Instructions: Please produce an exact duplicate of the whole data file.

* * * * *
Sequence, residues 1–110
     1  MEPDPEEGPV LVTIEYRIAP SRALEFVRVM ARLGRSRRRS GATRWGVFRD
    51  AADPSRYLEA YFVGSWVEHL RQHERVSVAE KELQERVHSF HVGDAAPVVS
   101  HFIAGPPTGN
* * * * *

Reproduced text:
Sequence, residues 1–110
     1  MEPDPEEGPV LVTIEYRIAP SRALEFVRVM ARLGRSRRRS GATRWGVFRD
    51  AADPSRYLEA YFVGSWVEHL RQHERVSVAE KELQERVHSF HVGDAAPVVS
   101  HFIAGPPTGN